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The Honolulu Advertiser
Posted on: Tuesday, May 30, 2006

Dialogue with Iran must be started

The Bush administration's apparent fear of being "gamed" by the current administration in Iran is leading us down a dangerous and profoundly unproductive path.

In several ways, the repressive and often erratic leadership of Iran has indicated it wants to have talks with the U.S. about mutual issues, most notably Iran's emerging nuclear weapons program.

While some diplomats have said this marks an impressive change in the thinking of Tehran, the overtures have been publicly rebuffed in language that falls just short of insulting.

That's the wrong approach.

No one questions the dangerous and unpredictable nature of the current government in Iran. President Mahmoud Ahmadinejad has made public statements about Israel and even the truth of the Holocaust that make one question his sanity.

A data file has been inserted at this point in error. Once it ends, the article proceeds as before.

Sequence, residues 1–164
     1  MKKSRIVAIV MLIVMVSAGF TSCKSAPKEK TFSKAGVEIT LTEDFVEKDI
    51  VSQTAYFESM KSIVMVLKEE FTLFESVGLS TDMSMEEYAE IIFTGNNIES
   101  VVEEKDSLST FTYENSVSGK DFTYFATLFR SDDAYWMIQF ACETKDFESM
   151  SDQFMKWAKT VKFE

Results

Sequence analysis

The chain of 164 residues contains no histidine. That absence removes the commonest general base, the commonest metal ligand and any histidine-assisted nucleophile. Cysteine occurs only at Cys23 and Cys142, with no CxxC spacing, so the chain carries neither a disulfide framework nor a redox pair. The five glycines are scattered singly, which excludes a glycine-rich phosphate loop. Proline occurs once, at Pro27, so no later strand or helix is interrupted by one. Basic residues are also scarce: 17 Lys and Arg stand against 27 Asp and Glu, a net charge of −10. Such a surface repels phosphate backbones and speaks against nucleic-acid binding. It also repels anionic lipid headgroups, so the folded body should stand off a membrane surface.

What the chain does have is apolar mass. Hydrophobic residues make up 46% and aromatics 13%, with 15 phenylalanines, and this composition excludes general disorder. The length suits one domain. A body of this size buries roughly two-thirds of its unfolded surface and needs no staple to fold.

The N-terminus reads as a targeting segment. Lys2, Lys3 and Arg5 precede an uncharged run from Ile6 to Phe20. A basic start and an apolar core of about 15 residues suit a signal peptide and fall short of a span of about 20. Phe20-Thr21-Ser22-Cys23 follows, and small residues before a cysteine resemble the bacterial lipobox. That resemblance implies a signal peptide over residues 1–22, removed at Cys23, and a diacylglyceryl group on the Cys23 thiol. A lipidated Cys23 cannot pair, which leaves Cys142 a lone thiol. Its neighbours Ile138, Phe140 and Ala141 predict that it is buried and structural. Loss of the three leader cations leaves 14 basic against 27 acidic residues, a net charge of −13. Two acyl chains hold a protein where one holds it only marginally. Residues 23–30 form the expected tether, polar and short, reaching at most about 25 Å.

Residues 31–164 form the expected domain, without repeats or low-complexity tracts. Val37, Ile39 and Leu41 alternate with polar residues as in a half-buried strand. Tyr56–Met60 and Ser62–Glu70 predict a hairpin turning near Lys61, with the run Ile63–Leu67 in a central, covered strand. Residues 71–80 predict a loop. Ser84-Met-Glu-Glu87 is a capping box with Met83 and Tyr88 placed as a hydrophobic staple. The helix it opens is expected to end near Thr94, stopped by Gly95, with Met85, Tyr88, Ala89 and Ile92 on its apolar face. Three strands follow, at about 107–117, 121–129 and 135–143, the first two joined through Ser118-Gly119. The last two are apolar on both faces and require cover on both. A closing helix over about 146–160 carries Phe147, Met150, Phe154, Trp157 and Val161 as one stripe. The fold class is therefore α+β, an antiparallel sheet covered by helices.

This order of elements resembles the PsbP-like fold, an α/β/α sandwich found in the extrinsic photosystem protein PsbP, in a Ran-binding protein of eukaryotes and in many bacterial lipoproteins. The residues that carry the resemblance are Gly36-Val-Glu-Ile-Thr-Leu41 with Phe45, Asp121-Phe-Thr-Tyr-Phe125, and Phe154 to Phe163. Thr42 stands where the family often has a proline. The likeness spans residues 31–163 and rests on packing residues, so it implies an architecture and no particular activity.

And the United States remains, in the eye's of Iran's leadership, the "Great Satan."

There is also the likelihood that Iran has taken its cue from North Korea and is playing a cat-and-mouse game, stalling for time and angling for advantage through highly-charged rhetoric.

With all of that, there still remains no rational reason not to open talks in whatever forum they are offered. Talking is not conceding, nor does it signify even tacit approval of wrongheaded political policies. Indeed, the United States must be clear that no talks could ever result in the U.S. accepting a nuclear Iran.

Diplomatic relations should not be solely reserved for agreeable regimes that are willing to listen to our wise counsel and subscribe to our political views. Diplomacy is most useful, in fact, when the task is dealing with governments we have disputes with.

For all the swagger that has come out of the White House on these issues, there were signs last week that a more nuanced approach may be in the offing. In his joint news conference with British Prime Minister Tony Blair, Bush for the first time admitted at least rhetorical mistakes in the early days of the Iraq war and occupation.

One hopes a lesson was learned and that bravado will take a back seat to common sense and diplomacy as we move forward on Iran.

Whether it is North Korea, Cuba or, now, Iran, the task is to open dialogue and move away from confrontation. Recent signals out of Tehran suggest the Iranian government is ready to do just that. The opportunity must not be wasted.